I Can See Clearly Now

Oct 16, 2020

In the BC world (Before Covid), if somebody claimed to have 20/20 vision, this was agreed to be perfect vision. It could be argued now that 20/20 vision is open to interpretation. There are those who view 2020 as the slippery slope down to somewhere very unpleasant to which we’re all heading in a handcart. Then there are those who view 2020 as a blip from which we’ll hopefully emerge eventually. And then there are those who argue that 2020 has given us the clearest vision yet that our thoughts and how we view the world around us shape our reality.

It is all very well to talk grandly about looking on the bright side, but in the middle of a global pandemic it can sound a bit glib. However, it is exactly in times like these that we need to pay more attention to our thoughts. If we focus on chaos and gloom, then we will experience more and more chaos and gloom. It is confirmation bias. You will always see and experience what you believe you will.

The importance and beauty of nature has been highlighted more than ever this year. Outdoor space has provided solace for many of us lucky enough to have access to fresh air and outside space. Never has my garden seemed more beautiful and previous than during the lockdown this summer. I planted spinach, potatoes, leeks and Swiss chard and our little vegetable patch provided an abundance of freshness for many weeks. When faced with grim situations we can focus on what we can do rather than what we can’t.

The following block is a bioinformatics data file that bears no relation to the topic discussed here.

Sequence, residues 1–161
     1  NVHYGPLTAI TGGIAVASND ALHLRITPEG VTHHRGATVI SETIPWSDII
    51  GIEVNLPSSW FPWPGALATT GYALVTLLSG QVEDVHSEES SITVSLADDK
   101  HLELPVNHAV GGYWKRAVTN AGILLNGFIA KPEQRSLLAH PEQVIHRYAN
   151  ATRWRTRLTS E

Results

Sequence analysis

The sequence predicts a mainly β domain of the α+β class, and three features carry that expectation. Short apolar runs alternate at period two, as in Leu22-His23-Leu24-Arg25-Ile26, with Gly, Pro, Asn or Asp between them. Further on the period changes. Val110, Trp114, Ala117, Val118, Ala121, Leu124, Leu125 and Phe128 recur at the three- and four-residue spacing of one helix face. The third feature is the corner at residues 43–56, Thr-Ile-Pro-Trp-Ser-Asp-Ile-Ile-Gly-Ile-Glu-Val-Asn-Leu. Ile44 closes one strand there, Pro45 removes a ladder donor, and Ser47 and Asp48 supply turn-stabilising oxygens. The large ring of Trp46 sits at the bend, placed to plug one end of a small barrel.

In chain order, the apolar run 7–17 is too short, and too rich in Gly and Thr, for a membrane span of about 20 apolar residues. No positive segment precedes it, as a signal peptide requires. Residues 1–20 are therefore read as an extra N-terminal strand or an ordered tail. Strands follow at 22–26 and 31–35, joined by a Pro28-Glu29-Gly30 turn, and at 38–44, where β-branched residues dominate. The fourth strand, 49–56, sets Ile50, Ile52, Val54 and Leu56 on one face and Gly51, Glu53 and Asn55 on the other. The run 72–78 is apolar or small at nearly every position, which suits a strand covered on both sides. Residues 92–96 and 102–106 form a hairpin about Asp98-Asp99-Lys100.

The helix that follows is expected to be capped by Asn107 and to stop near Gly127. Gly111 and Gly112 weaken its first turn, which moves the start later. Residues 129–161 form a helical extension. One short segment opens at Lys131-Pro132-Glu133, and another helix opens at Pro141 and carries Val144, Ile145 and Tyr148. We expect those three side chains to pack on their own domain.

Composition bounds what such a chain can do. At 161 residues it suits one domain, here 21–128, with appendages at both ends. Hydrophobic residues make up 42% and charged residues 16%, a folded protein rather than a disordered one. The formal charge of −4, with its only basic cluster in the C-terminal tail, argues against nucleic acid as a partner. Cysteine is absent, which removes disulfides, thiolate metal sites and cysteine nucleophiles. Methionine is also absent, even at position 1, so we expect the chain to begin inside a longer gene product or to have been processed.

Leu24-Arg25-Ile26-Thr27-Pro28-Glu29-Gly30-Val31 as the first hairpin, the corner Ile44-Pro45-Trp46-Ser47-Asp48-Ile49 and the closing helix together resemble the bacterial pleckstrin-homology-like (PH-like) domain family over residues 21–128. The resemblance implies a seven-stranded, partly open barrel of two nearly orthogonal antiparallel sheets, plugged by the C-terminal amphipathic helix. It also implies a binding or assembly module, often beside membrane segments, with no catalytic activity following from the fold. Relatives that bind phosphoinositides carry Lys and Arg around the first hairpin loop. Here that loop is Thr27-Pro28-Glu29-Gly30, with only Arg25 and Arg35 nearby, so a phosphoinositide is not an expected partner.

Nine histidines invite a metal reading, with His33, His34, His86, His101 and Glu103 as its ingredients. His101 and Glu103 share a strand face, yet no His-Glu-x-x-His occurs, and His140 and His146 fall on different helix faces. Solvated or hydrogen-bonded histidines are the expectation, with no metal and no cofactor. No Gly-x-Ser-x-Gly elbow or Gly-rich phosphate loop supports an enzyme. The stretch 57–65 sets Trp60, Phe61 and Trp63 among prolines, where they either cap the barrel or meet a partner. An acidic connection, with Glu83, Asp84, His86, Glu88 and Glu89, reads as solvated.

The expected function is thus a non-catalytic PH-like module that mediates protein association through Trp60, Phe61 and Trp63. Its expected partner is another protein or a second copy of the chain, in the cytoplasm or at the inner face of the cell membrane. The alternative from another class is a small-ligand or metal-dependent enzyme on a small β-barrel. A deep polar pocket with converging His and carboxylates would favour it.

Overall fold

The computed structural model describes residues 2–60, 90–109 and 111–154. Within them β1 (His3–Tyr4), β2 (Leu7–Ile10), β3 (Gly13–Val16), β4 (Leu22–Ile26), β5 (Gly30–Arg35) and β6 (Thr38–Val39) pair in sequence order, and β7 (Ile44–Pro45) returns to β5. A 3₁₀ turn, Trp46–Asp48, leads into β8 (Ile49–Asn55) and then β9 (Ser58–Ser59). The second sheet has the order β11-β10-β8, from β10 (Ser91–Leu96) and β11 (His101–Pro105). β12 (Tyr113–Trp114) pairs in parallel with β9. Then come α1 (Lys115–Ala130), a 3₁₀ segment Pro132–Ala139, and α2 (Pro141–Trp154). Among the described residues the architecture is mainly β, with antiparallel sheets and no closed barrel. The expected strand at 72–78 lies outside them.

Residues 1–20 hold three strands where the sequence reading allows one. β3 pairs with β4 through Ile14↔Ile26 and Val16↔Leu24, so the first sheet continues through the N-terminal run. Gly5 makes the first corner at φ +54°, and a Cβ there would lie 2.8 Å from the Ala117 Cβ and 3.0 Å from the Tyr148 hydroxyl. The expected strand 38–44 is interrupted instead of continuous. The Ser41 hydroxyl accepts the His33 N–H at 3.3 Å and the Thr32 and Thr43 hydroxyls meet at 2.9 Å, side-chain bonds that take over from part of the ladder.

Last week, Johnny Nash, the singer who gave us the beautiful ‘I Can See Clearly Now’ passed away. I love this song. It reminds us that there may well be obstacles in our path but if we can see them, then we can work out how best to navigate around them rather than crashing blindly into them. If you wear glasses, it’s the joy of cleaning them after you’ve been out in the rain and putting them back on again. Everything seems brighter when you pause for a moment and give them a wipe. I Can See Clearly Now is the perfect song for dark times, even if you still feel like you’re standing in the rain.

It’s going to be a bright, bright sunshiny day.

“What we do see depends mainly on what we look for. ... In the same field the farmer will notice the crop, the geologists the fossils, botanists the flowers, artists the colouring, sportmen the cover for the game. Though we may all look at the same things, it does not all follow that we should see them.”

John Lubbock, The Beauties of Nature and the Wonders of the World We Live in